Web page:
"Time is the death of all things."
Irreversible is horrifying, uncomfortably real and one of the most visceral cinematic experiences I've had. But it's also beautiful in its own way. The inventive cinematography and excellent acting made this film really stand out for me. Many scenes were terrifying to watch, but for better or worse I think a film ultimately having that deep an emotional impact is a sign of quality.
This is a traumatic film. But is offers a way to deal with it. Most of us (it was my case), when we went to see it, we were prepared for a horrible scene, much talked about. It's much more than that scene. Though it is central. The narrative is told in a incredible way. Going back in time, what we think about the characters, changes once again and again. And the trauma, we face it, and go back to when there was none.
This, along with children of men, represent the future of cinema in technical and audacious means. Film language took a small leap here, expanding on the techniques Hitchcock pioneered on Rope.
The film is as much technical exercise as it is a supreme trip down the lurks of hell. Rewarded.
The most unnerving aspect of this film wasn't either of the two notorious scenes (both of which were actually tamer than I was expecting), but the extreme contrast between the first half and the second half -- the hellish and the halcyon -- and the reminder that every single one of us could be weeks, days, or mere hours away from a tragic or traumatic event that we can't foresee or prevent ... or reverse.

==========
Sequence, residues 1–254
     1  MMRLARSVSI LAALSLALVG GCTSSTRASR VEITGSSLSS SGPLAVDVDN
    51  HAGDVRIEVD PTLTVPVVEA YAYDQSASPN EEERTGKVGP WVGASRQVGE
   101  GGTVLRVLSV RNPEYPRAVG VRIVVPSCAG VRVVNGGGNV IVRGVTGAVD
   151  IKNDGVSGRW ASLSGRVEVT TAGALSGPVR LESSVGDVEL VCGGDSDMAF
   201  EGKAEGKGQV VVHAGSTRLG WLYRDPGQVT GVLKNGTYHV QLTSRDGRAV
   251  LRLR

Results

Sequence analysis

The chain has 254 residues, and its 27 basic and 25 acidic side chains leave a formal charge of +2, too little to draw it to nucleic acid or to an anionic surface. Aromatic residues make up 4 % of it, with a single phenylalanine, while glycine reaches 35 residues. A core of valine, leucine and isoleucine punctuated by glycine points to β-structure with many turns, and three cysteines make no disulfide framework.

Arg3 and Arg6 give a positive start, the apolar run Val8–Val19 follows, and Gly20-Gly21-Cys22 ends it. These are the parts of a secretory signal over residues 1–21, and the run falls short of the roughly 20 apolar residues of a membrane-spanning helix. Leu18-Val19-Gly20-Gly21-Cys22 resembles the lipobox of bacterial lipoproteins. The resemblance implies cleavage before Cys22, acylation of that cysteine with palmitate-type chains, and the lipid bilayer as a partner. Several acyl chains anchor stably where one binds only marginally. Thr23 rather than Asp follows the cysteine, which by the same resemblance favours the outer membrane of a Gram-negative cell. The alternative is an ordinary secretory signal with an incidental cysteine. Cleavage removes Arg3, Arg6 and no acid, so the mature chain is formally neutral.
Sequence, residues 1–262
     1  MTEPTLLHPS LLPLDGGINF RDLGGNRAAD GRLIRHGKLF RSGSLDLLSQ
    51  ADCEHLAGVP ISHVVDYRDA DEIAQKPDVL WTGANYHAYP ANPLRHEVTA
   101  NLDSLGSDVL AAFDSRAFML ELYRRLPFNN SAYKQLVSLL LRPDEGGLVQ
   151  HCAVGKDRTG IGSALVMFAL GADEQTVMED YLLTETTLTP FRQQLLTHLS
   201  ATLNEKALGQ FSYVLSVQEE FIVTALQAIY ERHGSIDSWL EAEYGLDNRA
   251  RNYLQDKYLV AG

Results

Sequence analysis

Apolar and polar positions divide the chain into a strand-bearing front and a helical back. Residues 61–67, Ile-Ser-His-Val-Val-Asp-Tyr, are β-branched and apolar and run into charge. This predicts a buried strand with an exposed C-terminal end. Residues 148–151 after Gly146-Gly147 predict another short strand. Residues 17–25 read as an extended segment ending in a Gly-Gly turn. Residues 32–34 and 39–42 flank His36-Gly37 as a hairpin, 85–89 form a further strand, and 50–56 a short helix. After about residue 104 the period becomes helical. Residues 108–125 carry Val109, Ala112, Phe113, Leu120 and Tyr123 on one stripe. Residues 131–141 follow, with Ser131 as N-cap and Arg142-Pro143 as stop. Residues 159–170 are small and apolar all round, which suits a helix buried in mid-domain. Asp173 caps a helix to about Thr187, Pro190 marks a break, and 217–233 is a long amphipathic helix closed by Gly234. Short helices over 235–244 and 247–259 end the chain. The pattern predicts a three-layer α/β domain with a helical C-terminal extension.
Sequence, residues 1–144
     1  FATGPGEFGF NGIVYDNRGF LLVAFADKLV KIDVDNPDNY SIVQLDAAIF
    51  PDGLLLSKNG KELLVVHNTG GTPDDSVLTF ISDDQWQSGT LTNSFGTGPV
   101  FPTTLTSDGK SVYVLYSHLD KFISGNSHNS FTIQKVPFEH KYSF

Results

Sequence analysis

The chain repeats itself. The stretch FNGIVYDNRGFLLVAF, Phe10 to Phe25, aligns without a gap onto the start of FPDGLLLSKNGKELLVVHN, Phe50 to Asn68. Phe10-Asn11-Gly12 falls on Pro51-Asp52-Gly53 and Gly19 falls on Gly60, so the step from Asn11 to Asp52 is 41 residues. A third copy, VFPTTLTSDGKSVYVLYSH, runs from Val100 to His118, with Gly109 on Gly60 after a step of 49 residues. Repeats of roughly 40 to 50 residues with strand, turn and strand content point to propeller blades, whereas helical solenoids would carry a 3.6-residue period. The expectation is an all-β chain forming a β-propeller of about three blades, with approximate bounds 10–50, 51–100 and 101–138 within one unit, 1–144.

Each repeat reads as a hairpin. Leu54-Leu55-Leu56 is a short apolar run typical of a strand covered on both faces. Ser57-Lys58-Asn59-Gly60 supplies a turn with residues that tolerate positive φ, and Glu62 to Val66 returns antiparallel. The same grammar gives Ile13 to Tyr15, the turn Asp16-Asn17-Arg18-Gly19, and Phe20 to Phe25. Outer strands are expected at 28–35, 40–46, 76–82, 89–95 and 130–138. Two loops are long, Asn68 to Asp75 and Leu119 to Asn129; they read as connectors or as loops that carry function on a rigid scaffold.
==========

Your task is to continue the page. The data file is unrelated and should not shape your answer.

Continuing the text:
what i feel about noe's movies is that they can be very interesting from a technical standpoint but lack pretty much everything else. poor plots, poor dialogues and i can hardly ever sympathize with his characters. this movie in particular lives on the rape scene and everything else just feels unnecessary and quite boring. its not even a very long film but it feels way longer than it needed to be.
It may started out like a ruthless rollercoaster ride that makes you want to throw up in every direction, but as soon as you get the connection between every moment you can't help but fall deeply for it.
(I must have a thing for films that contrast extreme horror and extreme beauty) gaspar noé is... beyond words. you can't say that he's not a master of using sound and colors in the most perfect way... and his use of Beethoven's 7th symphony has haunted me for years and breaks my heart to this day. i get why people either hate him or love him, all he can do is create extreme emotions like a huge wave, haha
A masterful film that only improves with age. Though, it is a truly harrowing ordeal from start to finish - or would it be from finish to start? - it is worthwhile due to the beautiful, kinetic cinematography and meticulous editing highlighting the visceral performances. As we've come to expect from Noé, this is not for the faint of heart.